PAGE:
Theory-Practice Nexus in Contemporary International Affairs

Although many scholars and more than a few policymakers believe that realism remains the most dominant framework for understanding international relations, it alone can’t offer a universal answer to explain every aspect of the contemporary international affairs. From the realist perspective, the contemporary great power- the US- has shown its interest in staying as a hegemonic power by imposing its preference wherever possible even at the risk of galling its long-standing allies. As Walt noted, this was evident with a series of its actions including a “one-sided arms control agreements on Russia”; influencing the problematic peace effort in Bosnia; expanding NATO’s alliance into Russia’s backyard; and its growing concern about China’s ascension. He also highlight that although the US called repeatedly for greater reliance on multilateralism it “has treated agencies such as the United Nations and the World Trade Organization with disdain whenever their actions did not conform to its interests.”(1)

In contrast, liberalists, counted on USA’s effort in reinforcing liberal democracy all over the world and its vanguard role in providing security and stability in most parts of the world. Liberalists mainly counted on the role of international institutions in eschewing state’s national interest. This was evident that despite its hegemonic power, US was failed to use its leverage in mobilizing NATO to Iraq war.

On other hand, for Rodger A. Payne the evolving understanding of cooperative security, as critical theorists desired, has interesting and valuable emancipatory potential. He noted, “many prominent policy advocates participating in the discourse imagine a global order that promotes peace, security, empathy and opportunity through genuinely collaborative and consensual practices by states, NGOs and international institutions.” (2) This can be linked with the ongoing Agendas’ of different NGOs and the UN’s SDGs, that takes into account our era’s security threats which goes beyond military security, to include problems of poverty, environmental calamity, global inequality and hunger. In similar vein, Constructivists envision a global change, reconstitution of anarchy, inspired by agents’ discourses and ideas. For instance, the formation of European Union and the gradual shift to the European identity is a case in point for constructivists’ explanation of how identities and interests can be changed over time, which the realists can’t find an answer to.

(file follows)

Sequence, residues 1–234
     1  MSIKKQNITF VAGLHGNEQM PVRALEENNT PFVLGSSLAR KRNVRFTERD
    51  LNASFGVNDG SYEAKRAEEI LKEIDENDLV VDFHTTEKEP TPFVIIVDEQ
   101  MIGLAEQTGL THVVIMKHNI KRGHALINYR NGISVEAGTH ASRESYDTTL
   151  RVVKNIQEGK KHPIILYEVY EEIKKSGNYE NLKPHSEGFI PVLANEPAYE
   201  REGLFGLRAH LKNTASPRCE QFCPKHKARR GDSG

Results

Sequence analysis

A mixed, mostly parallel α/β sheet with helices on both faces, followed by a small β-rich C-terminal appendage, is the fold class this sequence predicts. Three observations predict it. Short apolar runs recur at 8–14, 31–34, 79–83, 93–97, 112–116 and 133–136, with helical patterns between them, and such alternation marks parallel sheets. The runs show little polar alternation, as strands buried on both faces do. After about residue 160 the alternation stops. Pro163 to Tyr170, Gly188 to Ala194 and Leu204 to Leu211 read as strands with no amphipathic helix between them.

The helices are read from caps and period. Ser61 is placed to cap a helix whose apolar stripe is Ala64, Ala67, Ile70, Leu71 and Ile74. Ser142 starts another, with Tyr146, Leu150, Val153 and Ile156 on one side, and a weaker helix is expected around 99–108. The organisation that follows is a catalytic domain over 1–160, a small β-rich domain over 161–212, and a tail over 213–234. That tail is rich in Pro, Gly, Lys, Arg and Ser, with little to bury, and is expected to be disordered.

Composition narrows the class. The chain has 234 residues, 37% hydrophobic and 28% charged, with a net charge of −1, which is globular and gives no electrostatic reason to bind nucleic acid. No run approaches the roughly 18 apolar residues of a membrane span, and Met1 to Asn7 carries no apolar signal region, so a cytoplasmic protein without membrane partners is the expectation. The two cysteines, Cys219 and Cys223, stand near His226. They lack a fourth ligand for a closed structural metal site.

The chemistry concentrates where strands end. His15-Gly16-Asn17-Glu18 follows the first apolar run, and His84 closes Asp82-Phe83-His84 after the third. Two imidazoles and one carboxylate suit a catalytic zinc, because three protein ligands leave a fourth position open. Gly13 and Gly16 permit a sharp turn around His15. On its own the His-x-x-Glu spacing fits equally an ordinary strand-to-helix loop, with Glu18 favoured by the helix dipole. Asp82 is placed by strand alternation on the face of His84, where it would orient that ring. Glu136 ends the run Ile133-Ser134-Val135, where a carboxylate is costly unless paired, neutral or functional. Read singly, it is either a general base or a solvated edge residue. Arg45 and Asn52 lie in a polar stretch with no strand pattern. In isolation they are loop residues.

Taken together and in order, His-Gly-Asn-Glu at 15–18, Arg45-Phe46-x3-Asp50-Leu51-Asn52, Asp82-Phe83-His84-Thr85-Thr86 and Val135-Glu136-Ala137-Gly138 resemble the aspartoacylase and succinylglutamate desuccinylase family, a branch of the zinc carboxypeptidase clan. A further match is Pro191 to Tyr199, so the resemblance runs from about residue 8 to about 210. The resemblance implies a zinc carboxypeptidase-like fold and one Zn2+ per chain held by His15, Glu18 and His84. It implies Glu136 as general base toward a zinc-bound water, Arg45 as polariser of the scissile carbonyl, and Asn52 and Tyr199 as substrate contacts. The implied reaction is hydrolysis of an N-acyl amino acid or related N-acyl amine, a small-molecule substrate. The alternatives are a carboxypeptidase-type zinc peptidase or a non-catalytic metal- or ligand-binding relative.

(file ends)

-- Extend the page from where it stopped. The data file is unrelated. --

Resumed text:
In general, beyond their attempt to offer explanations, international relations theories per se have significantly affected contemporary international affairs in general and practitioners of foreign policy in particular. It is a false assumption that theories are academically based and has little to do with real politics. For instance, the Clinton administration’s “engagement policy” was highly influenced by the liberal “democracy peace theory” that argues democracies will not fight. In contrast, Bush’s administration seems more of defensive realist by the fact that it was selective of the type of arms it sells to Taiwan and its fear of chemical weapon in Arab world like Iraq and Libya. In addition, international organizations or transnational corporations, which are “norm entrepreneurs” according to constructivists, through their lobbying and persuasion has played significant role in shaping state’s policy in issues like the use of land mine in war, norms of warfare, etc.

(1) Walt, S. M. (1998). International Relations: One World, Many Theories. Foreign Policy, 110, 29–46.

(2) Payne, R. A. (2012). Cooperative Security: Grand Strategy Meets Critical Theory? Millennium, 40(3), 605–624.



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Henok Teka

Henok Teka

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Interested in FDI, foreign policy, and human rights issues. #Africa. #EmergingEconomies.